Edward Irving "Ed" Koch (1924-2013) was a former congressman and mayor of New York City. This release consists of several files related to Koch. The bulk of the release consists of a 1977 investigation into extortion threats made against Koch that included the forgery of a letter using the then congressman's letterhead and signature. There are parts of two other files also. The first concerns a 1973 extortion matter and the second a foreign counterintelligence matter that mentions Uruguayan military officials' "irritation" with Koch; part of this file has been referred to another agency for release as it contains that agency's information.

Rodney King

Rodney Glen King (1965-2012) was the victim of an abusive arrest by Los Angeles police officers on March 3, 1991. Two officers involved in the arrest were found guilty of depriving King of his civil rights.

Carlos Fuentes

Carlos Fuentes Macias (1928-2012), aka Carlos Fuentes, was a noted Mexican writer. The material in this file concerns his proposed travel and subsequent visa issues with the U.S. State Department between 1962 and 1983.

Muammar Qadhafi

Muammar Qadhafi* (1942-2011) was the dictatorial ruler of Libya from 1969 to 2011. This release consists of FBI material related to Qadhafi ranging from 1976 to 1989. Investigations include security matters related to Qadhafi's travel to the United States in 1987, threats by Libyan dissidents against Qadhafi, and Qadhafi's possible involvement in threats to assassinate President Ronald Reagan. Material has been withheld to protect personal privacy, the identities of FBI sources, and classified material. * Name variations include Khadafi, Khaddafy, Gaddafi, and Qadhafi.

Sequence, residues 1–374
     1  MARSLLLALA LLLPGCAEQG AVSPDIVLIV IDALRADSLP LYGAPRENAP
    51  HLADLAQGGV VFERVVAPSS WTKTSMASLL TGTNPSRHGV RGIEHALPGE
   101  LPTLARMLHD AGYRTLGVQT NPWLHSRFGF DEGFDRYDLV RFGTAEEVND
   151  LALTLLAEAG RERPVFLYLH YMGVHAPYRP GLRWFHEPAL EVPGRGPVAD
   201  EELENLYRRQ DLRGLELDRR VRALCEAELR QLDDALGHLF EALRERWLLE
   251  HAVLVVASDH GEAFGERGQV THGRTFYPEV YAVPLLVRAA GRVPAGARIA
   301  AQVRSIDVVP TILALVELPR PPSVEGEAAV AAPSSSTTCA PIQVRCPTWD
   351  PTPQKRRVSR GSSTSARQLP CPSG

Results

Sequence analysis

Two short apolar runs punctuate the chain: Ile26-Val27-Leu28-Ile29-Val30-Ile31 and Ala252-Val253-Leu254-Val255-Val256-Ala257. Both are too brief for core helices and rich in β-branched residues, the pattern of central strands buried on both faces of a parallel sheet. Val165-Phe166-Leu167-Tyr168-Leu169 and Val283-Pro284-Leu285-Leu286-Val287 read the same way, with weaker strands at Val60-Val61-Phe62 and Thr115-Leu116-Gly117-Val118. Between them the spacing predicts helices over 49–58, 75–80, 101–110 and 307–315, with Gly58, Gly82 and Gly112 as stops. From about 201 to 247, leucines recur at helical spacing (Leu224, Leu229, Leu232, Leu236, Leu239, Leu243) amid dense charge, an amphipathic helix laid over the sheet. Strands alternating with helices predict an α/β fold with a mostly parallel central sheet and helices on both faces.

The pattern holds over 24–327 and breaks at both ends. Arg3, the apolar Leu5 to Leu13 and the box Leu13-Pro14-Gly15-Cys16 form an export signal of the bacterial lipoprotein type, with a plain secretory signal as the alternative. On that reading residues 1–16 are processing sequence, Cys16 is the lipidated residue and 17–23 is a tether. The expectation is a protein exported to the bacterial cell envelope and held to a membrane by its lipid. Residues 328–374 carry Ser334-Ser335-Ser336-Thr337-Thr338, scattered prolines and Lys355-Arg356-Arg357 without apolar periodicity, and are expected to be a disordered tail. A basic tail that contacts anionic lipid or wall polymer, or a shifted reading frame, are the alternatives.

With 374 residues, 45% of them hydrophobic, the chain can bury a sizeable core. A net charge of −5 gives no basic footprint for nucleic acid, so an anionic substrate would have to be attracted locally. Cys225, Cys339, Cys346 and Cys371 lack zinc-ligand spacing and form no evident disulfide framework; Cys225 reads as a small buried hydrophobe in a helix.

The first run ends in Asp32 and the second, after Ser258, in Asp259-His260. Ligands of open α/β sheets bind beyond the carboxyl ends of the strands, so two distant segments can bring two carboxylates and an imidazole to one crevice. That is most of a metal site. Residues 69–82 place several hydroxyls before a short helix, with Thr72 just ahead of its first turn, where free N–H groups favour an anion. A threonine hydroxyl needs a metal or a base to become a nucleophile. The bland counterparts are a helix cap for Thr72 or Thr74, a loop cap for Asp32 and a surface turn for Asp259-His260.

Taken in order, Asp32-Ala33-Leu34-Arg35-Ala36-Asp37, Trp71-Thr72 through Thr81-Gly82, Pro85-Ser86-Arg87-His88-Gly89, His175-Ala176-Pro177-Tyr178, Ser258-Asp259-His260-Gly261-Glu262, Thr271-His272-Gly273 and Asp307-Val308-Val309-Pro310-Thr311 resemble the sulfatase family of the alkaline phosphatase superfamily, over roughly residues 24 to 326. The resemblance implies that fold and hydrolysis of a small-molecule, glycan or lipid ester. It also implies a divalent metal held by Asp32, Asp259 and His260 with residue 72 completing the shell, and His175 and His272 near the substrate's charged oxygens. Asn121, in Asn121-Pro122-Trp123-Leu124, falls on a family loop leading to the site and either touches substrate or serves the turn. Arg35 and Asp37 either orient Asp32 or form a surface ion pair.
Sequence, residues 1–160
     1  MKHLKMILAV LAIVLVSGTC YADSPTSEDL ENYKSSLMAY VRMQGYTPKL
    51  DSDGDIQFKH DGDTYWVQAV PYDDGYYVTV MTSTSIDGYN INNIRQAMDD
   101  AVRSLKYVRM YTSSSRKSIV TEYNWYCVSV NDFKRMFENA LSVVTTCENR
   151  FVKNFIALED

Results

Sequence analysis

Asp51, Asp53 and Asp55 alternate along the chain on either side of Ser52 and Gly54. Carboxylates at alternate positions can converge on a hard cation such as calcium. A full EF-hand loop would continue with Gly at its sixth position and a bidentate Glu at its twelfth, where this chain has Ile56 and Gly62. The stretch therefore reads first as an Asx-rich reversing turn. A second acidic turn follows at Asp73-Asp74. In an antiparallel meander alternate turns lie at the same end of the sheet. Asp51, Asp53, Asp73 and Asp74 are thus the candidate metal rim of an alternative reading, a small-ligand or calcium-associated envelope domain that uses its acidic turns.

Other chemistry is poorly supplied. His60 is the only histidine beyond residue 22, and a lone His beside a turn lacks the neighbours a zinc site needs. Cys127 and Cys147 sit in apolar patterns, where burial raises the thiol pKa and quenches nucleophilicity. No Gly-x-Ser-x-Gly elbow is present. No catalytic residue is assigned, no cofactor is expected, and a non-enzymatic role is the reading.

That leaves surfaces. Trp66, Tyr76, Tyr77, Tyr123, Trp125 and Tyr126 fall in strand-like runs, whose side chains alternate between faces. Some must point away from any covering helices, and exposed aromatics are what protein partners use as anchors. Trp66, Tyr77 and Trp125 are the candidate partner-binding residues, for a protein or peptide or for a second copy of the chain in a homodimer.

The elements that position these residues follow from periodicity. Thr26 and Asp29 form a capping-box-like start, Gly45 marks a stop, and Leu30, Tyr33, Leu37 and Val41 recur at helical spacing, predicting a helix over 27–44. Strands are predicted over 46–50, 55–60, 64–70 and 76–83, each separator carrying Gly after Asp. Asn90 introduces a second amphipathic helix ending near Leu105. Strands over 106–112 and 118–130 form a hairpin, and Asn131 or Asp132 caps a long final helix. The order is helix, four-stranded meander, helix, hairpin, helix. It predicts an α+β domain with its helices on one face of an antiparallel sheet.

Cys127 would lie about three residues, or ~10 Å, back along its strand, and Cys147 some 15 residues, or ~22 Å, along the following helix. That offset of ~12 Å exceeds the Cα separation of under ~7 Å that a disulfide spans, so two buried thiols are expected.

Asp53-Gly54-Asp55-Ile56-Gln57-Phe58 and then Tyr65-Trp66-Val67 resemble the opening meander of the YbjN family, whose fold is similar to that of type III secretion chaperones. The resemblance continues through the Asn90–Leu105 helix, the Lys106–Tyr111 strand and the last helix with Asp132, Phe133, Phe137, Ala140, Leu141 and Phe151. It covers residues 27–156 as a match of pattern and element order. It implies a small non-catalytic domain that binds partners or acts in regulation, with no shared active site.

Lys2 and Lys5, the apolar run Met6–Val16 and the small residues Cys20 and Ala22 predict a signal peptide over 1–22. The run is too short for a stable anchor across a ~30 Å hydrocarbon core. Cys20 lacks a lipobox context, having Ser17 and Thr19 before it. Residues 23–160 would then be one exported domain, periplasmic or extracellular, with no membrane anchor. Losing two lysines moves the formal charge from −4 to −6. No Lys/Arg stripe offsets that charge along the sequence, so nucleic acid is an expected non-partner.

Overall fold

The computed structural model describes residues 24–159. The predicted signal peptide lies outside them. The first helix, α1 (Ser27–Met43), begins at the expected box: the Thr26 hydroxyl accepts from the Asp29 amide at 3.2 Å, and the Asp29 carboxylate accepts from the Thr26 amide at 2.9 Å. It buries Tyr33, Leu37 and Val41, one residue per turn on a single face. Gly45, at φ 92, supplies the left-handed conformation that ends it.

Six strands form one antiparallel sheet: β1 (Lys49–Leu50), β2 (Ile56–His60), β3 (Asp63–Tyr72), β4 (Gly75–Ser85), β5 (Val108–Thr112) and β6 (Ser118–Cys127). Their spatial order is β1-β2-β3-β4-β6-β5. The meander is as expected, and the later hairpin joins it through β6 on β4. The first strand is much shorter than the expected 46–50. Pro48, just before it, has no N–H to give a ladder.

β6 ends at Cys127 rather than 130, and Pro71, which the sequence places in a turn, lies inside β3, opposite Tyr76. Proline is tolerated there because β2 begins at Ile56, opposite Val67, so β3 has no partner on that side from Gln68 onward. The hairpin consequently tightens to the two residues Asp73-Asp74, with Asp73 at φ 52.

Art Modell

Arthur Bertram Modell (1925-2012) was a businessman best known for his ownership of the Cleveland Browns and Baltimore Ravens football teams. This release consists of a 1975 investigation of an extortion threat against Modell and a 2000 investigation of a threatening letter sent to him. Neither case resulted in a prosecution.

Neil Armstrong

Neil Alden Armstrong (1930-2012) was a naval aviator and U.S. astronaut. This release consists of 18 pages of FBI file references to Armstrong ranging from 1969 to 1985 relating primarily to requests for FBI name checks in consideration of executive appointment; no derogatory personnel information was found. Redactions were made primarily to protect the privacy of living persons

Whitney Houston

Whitney Elizabeth Houston (1963-2012) was a well-known American recording artist and actress. This release consists of several FBI investigations into threats made against Houston between 1988 and 1999.

Myron Leon "Mike" Wallace

Myron Leon "Mike" Wallace (1918-2012) was a well-known American journalist. This release consists of two parts. The first concerns a foreign counterintelligence file opened about Wallace's 1970 trip to Cuba (pp.1-5) and the second an investigation into a threatening letter sent to Wallace (pp.6-50).